Guest Author - Jim Lowrance
This is January which is recognized each year as the month the public is made aware of the importance in monitoring for symptoms of thyroid disease and in seeing their doctor for testing if thyroid dysfunction is suspected.
The importance in this push each year to make people more aware of thyroid diseases/disorders is in the fact that according to the American Association of Clinical Endocrinologists, half of people who suffer thyroid problems fail to be diagnosed. This is mainly due to their lack of recognition for signs and symptoms of these diseases that affect an estimated 28 million or more (up to 60 million) Americans and a far greater number of people worldwide.
I also feel the importance in thyroid awareness month is in the fact that doctors as well become better educated in monitoring and testing their patients for thyroid hormone imbalances and "thyroid autoimmunity", which is the class of diseases commonly causing thyroid disorders.
When you consider that millions of people are undiagnosed, it is an incredible realization. Many people suffering symptoms of hypothyroidism for example (under-active thyroid), will believe they are simply stressed out and tired or will attribute symptoms of their slowed metabolism to getting older. People suffering hyperthyroid symptoms (overactive thyroid) will believe they are simply going through an anxious time or are just having a case of nervousness and an unexplained spike in their energy levels. Both conditions also commonly cause goiter (an enlarged thyroid gland)which can also be better recognized with more public education.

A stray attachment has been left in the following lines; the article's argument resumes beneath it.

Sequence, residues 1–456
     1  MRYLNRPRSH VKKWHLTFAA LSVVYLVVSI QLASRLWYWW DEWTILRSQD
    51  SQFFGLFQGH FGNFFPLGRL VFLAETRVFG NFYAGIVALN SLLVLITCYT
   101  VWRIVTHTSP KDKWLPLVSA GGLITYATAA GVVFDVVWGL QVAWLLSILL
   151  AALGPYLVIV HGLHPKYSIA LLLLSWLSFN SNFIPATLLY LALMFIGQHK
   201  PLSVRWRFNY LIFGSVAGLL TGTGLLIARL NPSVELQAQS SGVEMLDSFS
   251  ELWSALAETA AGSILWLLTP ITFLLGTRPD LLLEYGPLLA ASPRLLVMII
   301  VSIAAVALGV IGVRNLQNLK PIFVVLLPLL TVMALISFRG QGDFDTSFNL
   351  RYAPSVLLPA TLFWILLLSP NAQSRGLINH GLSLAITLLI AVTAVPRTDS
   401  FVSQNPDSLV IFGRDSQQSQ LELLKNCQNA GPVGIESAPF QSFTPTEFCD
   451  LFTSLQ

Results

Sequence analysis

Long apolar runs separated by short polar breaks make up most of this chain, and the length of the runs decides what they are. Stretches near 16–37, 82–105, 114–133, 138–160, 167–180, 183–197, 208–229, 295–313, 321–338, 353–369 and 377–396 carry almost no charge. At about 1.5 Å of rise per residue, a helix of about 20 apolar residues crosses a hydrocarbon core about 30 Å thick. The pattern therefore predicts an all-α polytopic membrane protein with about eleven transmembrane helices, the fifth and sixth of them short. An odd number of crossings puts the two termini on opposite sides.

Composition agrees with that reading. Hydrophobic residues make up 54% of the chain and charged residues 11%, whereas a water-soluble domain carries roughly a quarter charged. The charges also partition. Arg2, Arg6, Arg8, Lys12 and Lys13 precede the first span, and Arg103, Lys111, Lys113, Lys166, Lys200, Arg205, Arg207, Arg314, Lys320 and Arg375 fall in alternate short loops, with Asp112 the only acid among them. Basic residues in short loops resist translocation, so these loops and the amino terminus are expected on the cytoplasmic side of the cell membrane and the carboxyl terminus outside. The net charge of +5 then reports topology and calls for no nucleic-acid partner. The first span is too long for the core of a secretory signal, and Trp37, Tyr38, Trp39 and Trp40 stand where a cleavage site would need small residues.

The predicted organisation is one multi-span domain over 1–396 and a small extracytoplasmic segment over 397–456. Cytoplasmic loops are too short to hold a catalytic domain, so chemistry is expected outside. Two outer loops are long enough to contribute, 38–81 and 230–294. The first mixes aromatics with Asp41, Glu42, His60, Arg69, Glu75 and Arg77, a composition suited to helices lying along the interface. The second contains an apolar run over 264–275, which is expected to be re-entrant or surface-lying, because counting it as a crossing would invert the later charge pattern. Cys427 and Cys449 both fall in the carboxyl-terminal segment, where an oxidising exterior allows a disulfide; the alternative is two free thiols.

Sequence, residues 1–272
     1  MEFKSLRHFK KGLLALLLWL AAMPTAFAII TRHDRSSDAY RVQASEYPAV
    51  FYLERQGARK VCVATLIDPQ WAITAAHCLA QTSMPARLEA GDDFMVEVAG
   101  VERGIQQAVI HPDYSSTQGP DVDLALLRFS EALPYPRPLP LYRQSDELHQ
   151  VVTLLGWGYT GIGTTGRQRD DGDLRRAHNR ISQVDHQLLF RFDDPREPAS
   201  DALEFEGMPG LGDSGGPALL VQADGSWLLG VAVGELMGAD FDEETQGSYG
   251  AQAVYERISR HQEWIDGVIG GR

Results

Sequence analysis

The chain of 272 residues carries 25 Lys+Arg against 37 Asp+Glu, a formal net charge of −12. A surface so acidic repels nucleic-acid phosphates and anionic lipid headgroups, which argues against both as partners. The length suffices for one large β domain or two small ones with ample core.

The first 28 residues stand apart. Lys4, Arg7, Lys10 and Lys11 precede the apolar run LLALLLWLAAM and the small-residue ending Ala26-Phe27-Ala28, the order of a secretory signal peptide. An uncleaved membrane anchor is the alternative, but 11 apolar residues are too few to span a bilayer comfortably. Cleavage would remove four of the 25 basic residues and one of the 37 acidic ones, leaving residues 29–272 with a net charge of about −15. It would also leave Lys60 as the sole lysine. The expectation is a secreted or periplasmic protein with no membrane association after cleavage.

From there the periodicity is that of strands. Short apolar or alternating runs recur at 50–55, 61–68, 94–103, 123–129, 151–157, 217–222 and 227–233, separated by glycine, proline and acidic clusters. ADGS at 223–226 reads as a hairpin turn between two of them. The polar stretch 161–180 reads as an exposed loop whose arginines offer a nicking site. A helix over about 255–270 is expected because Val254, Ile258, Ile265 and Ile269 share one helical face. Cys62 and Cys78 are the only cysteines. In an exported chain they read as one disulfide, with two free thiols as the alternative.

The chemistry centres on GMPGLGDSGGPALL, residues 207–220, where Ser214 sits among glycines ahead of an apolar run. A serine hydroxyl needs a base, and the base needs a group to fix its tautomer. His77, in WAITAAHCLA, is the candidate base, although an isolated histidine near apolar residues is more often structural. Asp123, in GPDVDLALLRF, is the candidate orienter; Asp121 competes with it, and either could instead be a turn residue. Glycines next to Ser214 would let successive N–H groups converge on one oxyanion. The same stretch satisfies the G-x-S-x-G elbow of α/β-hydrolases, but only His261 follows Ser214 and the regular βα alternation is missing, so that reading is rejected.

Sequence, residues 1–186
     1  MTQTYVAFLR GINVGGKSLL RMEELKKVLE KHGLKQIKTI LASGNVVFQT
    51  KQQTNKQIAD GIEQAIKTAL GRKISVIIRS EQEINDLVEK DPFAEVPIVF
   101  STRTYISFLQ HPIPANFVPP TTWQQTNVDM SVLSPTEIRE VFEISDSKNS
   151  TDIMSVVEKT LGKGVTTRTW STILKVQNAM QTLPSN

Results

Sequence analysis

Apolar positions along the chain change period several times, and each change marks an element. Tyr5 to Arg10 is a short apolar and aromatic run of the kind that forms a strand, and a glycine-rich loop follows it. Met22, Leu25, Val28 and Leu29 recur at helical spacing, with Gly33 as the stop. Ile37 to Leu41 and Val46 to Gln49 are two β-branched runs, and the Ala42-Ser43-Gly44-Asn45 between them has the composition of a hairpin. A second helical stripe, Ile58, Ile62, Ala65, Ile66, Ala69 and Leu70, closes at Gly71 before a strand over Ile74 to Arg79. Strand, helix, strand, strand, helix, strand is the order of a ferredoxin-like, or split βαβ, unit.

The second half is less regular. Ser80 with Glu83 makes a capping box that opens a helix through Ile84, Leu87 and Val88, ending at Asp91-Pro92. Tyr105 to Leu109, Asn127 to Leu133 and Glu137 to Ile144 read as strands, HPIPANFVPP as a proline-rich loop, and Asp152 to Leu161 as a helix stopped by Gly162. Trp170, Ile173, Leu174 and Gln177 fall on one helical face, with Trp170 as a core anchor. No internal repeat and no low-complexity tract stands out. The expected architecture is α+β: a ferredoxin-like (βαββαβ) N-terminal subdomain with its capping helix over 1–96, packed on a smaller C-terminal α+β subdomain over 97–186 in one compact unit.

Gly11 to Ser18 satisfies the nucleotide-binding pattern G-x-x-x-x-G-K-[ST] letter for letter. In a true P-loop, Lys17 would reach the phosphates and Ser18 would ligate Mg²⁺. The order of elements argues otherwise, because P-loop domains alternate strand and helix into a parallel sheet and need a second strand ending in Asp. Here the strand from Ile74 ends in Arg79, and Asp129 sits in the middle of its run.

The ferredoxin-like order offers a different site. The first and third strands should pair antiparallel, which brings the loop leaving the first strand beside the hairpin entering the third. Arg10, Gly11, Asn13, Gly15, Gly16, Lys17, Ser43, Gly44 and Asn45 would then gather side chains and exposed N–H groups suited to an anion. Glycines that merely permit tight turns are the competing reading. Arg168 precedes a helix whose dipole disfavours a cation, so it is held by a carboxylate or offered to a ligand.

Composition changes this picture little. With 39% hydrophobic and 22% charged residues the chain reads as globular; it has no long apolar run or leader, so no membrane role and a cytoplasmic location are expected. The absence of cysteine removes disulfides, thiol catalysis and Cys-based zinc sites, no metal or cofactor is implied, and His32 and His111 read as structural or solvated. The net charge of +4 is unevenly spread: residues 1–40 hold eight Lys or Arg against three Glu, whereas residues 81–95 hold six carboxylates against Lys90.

Both hypothyroid and hyperthyroid conditions can result in health complications over time if not diagnosed and treated. Both conditions for example can negatively affect the heart over time with hypothyroidism raising cholesterol levels and hyperthyroidism causing hypertension. Both conditions can also affect bone and muscle health due to their weakening of them over time when untreated. People also commonly experience negative emotional symptoms from thyroid diseases, including anxiety and depression and some patients are recognized by their doctors as having emotional-only problems. These patients may be treated with antidepressants and anti-anxiety medications alone if their doctors do not recognize the need for thyroid function testing and their underlying disease will remain untreated. This can only result in a worsening of their thyroid dysfunction over time.
These are only some of the reasons Thyroid Awareness Month is important, so make sure to tell your family, friends and loved ones to get involved in basic education that will help them recognize when they may be experiencing a thyroid condition. They may also want to learn about common thyroid blood testing, hormone replacement therapy and other drugs for treating thyroid disorders.
While you're at it, direct them to the links in the "related links" area below this article, which can help them gain a basic understanding about thyroid diseases/disorders and symptoms.